Expertise from many of Northern Ireland’s leading biotechnology companies is being displayed, with support from Invest Northern Ireland, at the BIO2005 international exhibition and convention in Philadelphia, the world’s biggest event in the biotech and life sciences calendar, which opened yesterday (Sunday 19th June) and runs until Wednesday.
The Northern Ireland group at BIO2005 comprises the Almac Sciences Group of Craigavon, which has five subsidiary companies Arradx, CSS, CTS, ICTI and PDMS; Fusion Antibodies, MDS-Pharma and TriVirix International, all based in Belfast; and Randox Laboratories in Crumlin. Bio Business Northern Ireland, the sector’s representative body, is also taking part in the event.
Northern Ireland’s developing biotechnology sector also took part in the BioLink event in Boston last week (16-17 June) and was represented at the inaugural Irish America Life Sciences Awards in this city. BioLink promotes co-operation between the US and Ireland in life sciences.
During BIO2005, current trends and business opportunities for Northern Ireland in this strategically important business sector are being examined at a meeting of the Invest NI International Advisory Panel on Biotechnology.
The panel, formed by Invest NI to advise on the biotech industry, is chaired by Professor Dr Michael Comer, the Belfast born director of Research, Adelaide and Meath Hospital, Dublin.
It also includes Professor Teo Forcht-Dagi, a partner in Cordova BioVentures in Boston; Dr Martin Murphy, chairman and CEO, AlphaMed Consulting Inc., North Carolina ; Professor Patrick Johnston, director of the Centre for Cancer Research and Cell Biology at Queen’s University in Belfast; QUB-educated Dr Dave Figgins, director of Pittsburgh Tissue Engineering Initiative; Albert Sherrard, former vice president of European Operations at Tyco Healthcare; and Peter Lennox, group manager (Biotechnology), New Zealand Trade and Enterprise.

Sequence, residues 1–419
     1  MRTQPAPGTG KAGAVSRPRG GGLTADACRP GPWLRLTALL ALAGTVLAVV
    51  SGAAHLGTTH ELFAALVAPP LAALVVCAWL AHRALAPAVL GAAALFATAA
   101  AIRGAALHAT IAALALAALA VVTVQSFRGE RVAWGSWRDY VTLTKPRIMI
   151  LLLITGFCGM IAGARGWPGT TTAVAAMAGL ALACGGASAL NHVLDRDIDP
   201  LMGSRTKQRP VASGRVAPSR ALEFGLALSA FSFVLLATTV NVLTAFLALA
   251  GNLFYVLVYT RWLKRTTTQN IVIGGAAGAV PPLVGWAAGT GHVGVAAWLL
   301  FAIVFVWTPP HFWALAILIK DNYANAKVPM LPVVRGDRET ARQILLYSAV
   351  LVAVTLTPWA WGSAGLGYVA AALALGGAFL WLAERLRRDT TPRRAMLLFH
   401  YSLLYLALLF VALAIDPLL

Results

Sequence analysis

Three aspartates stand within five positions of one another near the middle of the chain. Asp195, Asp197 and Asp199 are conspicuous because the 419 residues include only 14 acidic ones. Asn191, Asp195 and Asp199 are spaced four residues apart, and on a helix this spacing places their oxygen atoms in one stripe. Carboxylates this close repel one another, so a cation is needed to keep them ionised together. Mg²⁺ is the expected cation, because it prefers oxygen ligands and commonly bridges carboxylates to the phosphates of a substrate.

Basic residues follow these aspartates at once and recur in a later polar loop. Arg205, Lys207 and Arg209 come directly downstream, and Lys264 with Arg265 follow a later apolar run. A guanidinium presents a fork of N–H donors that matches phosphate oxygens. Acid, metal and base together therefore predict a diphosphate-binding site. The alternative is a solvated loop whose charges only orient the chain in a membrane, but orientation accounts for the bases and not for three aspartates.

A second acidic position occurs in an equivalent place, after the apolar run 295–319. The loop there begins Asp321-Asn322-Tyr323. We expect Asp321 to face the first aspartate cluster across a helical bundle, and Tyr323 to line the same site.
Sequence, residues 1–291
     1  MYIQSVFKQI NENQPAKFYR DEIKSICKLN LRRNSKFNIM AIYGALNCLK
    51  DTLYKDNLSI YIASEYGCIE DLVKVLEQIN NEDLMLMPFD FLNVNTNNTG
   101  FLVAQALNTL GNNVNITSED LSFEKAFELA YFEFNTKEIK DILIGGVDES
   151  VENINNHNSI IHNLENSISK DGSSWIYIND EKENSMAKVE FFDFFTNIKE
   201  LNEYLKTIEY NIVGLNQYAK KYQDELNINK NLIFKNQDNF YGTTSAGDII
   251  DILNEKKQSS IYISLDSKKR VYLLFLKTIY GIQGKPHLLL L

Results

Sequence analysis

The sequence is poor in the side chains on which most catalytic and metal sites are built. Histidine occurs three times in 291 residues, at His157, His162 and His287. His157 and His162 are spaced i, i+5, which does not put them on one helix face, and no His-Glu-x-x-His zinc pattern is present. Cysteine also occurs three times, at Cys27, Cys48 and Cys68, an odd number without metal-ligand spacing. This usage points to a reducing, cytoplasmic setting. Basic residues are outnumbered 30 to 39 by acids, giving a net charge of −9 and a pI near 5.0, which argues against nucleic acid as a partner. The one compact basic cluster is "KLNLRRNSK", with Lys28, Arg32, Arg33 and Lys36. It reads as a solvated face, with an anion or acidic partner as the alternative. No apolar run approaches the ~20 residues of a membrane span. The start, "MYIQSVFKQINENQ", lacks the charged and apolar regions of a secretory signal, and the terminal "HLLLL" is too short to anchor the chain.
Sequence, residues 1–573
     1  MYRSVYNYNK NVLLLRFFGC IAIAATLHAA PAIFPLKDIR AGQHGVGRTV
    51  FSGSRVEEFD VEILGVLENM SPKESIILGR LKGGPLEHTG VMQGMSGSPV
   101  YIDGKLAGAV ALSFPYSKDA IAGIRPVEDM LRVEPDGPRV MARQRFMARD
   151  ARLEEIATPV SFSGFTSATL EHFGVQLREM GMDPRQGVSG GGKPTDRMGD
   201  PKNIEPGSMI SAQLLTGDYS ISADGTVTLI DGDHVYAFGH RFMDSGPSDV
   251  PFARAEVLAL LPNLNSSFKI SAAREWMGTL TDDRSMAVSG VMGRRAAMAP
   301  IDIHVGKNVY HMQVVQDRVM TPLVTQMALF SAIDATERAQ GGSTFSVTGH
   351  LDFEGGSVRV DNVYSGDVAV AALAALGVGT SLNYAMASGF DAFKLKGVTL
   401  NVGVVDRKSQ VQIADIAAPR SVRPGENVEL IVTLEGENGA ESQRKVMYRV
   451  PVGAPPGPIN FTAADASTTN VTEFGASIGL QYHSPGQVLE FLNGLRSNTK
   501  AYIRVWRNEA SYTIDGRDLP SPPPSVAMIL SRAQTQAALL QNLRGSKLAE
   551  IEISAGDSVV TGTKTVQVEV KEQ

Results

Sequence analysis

Maynard Mawhinney, Invest NI’s director of Biotechnology, said: “Biotechnology is a priority sector for Northern Ireland and is one in which we have considerable knowledge and expertise in our universities and local companies. These are featured in our participation at BIO2005 in Philadelphia and were displayed at BioLink in Boston.
“To accelerate the sector’s growth and because we believe biotechnology can become a main driver of high-tech innovation, Invest NI is focused on assisting the growth of existing businesses as well as providing incentives for companies from overseas to either locate here or to develop knowledge transfer or other strategic alliances with our businesses and research institutes,” added Mr Mawhinney.